This One Simple Writing Tip Changed Everything.
Some people believe that financially incentivising idiots like myself to churn out content on topics that we’re often grossly under-qualified to speak about, will inevitably lead to more and more stupid information on the internet. But I disagree.
In fact, one of the things I enjoy most about Medium as a platform is the vast array of helpful tips and high-quality advice that it puts at my fingertips. For example, just the briefest of glances at my homepage offers me such gems as:
- Are You Using Verbs Correctly?
- How Do You Know When A Poem Is Finished?
- You Need To Say Yes To The Right Jobs (And No To The Wrong Ones).
and my personal favourite:
- You’re Not An Imposter Your Idea Tube Is Too Small.
(I swear I didn’t make any of these up.)
The only problem is that there’s so much to read, and I’m so sated by the dopamine fix I get from reading about how other people think I should write, that I have almost no time to sit down and do any writing myself. I mean, everybody knows the only way to make it as a writer is to spend 90% of your time reading about how strangers on the internet think you should do it.
I hadn’t expected to begin my day yesterday by discovering the solution to this problem, but when I stumbled across an article entitled “How To Write An Article In 60 Minutes”, that’s exactly what happened.
As it turns out, the reason I wasn’t as prolific as I wanted to be, wasn’t that I wasn’t making enough time to actually get on with the work of writing, but that I wan’t planning, writing and editing my work quickly enough! This seems obvious with the benefit of hindsight, but I’m ashamed to admit how long I spent lumbering under the weight of my own stupidity.
For example, can you believe that I would often spend a couple of hours researching a piece, even though this made the goal of finishing said piece within an hour utterly impossible. How did I not see this?!
The situation became even more mortifying when I learned that I could complete the same amount of research in…uh…hmmm, ok, apparently it’s solved by not doing any research at all as not a single one of those 60 minutes is allocated to research. That certainly saves me some time. I’m sure all the existing information on this topic is in my brain somewhere though, so no worries there.
Similarly, the process of writing the article might previously have taken me an entire day or even (and I’m embarrassed to admit this now) multiple days. But once I learned that it should only take 20 minutes, that timeframe suddenly became completely realistic. If I want to write an article in an hour, the writing phase obviously needs to take less than that so this makes sense. And frankly, anything that can’t be written in 1200 seconds probably isn’t worth writing.
Next up is the all-important edit. This phase often makes or breaks a piece of writing, so I was delighted to learn that this too can be polished off in 20 minutes, rather than the many hours of revising, proofreading and feedback-seeking that I might have done when I was less educated on the subject.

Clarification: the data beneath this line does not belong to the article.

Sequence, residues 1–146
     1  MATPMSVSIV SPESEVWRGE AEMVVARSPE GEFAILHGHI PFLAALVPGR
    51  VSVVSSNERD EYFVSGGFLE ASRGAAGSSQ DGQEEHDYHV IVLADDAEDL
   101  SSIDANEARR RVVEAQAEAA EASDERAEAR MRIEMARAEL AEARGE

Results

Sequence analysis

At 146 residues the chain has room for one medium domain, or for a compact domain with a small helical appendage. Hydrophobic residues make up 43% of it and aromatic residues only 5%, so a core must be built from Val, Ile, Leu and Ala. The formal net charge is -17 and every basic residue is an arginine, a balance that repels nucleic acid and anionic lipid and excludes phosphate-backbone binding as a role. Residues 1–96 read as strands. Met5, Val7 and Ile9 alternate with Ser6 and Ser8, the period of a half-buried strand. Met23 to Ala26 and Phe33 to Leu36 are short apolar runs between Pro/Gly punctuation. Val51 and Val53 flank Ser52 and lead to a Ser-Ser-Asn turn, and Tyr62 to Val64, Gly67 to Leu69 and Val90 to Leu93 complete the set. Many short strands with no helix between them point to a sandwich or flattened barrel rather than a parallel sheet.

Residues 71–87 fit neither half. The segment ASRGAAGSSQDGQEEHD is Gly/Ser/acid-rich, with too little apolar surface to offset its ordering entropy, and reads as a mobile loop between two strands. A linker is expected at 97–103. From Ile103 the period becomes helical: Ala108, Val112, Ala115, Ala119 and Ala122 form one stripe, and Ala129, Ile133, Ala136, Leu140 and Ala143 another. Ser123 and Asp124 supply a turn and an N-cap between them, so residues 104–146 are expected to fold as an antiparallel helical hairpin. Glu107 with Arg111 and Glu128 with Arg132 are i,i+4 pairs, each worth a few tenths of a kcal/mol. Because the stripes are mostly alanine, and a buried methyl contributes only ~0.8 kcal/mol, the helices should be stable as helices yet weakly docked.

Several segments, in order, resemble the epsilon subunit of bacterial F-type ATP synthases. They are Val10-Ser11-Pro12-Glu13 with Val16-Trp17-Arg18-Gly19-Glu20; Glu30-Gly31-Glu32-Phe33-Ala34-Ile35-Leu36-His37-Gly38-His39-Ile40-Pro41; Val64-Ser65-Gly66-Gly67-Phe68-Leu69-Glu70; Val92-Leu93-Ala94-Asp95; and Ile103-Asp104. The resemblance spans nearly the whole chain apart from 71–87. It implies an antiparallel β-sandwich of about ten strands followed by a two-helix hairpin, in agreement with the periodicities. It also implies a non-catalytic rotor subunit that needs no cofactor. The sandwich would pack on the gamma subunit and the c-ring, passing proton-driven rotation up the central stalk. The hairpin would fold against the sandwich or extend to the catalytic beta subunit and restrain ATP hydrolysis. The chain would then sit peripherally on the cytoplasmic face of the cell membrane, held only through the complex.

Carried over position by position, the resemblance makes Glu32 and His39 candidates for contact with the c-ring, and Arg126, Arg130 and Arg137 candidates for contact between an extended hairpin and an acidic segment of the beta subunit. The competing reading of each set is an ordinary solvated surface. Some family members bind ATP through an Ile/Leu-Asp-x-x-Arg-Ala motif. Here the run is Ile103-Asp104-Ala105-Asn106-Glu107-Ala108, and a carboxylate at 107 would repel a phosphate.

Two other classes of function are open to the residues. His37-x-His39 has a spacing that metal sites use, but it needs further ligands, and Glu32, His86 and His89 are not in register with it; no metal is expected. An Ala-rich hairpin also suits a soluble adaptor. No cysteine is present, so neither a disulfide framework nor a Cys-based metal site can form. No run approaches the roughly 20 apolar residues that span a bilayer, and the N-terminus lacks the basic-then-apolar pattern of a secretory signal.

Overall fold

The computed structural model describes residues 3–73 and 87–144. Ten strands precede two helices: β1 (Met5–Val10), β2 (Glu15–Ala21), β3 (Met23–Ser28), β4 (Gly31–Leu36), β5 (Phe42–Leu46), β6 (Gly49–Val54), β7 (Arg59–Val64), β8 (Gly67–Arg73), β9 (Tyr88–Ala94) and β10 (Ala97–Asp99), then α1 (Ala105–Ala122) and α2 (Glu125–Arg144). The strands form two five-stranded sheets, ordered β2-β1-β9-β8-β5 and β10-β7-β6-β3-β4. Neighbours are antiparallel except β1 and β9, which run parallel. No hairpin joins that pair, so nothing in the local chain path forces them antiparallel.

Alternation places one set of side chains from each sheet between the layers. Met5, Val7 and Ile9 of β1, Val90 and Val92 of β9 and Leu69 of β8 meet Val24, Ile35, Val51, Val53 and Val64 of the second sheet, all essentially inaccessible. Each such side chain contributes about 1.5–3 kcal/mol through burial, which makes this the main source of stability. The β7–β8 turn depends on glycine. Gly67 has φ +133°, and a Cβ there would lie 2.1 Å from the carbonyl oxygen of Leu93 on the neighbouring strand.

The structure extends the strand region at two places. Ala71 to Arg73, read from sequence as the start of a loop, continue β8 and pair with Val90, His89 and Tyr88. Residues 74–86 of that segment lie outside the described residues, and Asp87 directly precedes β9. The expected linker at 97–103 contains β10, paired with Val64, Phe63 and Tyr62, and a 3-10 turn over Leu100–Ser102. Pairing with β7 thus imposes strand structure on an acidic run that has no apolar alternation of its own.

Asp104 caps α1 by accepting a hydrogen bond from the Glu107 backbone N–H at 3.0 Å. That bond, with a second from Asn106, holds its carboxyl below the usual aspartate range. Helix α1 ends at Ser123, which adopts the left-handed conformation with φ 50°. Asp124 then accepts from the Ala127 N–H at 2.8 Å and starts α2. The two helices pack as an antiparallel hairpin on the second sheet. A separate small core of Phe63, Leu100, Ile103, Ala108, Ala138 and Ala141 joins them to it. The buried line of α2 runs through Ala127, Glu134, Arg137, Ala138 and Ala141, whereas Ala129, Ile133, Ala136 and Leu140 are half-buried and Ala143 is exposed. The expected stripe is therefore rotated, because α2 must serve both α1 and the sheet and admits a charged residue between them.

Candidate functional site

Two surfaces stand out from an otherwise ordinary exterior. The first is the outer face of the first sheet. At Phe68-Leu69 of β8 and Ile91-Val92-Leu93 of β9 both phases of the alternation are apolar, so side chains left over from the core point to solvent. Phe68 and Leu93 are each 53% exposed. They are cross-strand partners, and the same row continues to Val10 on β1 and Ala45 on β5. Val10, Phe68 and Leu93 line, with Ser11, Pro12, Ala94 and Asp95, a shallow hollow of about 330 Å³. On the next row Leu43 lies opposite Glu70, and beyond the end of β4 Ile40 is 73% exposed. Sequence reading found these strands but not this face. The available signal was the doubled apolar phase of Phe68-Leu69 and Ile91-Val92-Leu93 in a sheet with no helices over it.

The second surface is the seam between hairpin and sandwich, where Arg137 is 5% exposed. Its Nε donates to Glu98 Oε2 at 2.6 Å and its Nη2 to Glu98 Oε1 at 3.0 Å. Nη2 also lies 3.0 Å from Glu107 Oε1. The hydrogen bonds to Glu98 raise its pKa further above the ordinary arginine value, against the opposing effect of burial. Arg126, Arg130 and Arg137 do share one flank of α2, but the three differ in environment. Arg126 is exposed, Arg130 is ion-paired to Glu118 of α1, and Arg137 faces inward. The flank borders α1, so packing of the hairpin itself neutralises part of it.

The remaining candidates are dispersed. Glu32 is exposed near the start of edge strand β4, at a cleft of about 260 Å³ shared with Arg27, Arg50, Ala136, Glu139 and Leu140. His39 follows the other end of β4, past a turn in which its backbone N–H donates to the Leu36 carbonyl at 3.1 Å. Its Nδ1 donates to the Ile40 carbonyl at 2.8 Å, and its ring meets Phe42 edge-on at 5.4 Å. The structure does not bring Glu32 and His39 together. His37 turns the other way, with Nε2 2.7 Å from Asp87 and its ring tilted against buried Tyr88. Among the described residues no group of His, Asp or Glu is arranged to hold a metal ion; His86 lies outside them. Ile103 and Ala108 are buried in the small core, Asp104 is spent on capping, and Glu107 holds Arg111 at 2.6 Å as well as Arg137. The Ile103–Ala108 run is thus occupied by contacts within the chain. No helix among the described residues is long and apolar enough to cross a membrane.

With the time I’ve saved, I’m now free to devote 10 entire minutes to choosing my title and I even have 10 minutes left over to choose a topic, something which even in the midst of my ignorance I was often able to do in less time.
And that is how you write an article in 60 minutes.
By keeping these simple tips in mind I’m now able to churn out 8 high-quality articles a day with ease. What’s more, I’ve been inspired to develop several other projects using the same concept.
For example, a fully-certified course wherein a complete novice can learn to build a house in an hour (10 minutes for foundations, 20 for walls and roof, another 20 for electrics and plumbing, and 10 for decorating), a book called the “One Hour Work Week” (where you do everything you’d usually do in a 40 hour week, just 40 times faster), and my most ambitious project; an exercise programme called 6-minute abs (I’m not yet sure what to do with the other 54 minutes but I’ll come up with something).
I only hope that they’ll inspire others the way that I too have been inspired.
Once you’ve mastered the basics, you might even play around with the formula a bit to create some suspense for yourself. Why not try becoming fluent in a new language in an hour, but only giving yourself 10 minutes to learn all of the grammar? Or meditate fruitlessly for 59 minutes before achieving enlightenment in the sixtieth? Remember, if you arbitrarily apply time limits to things with no thought to realism or quality, it’s possible to achieve almost anything within an hour.
Every field of human endeavour could be improved by this method. Imagine a world where Lin-Manuel Miranda was churning out a “Hamilton” every 60 minutes, or where JK Rowling had completed the entire Harry Potter series in a single working day. A world where children could learn to speak by the time they were one month old, and graduate university by the age of 3.
It’s no exaggeration to say that we stand on the precipice of a new age in human society. Of new frontiers in well-being and productivity. We can usher in a new golden age of happiness and prosperity for the entire world. And best of all, by my calculations, we can do it in a single hour.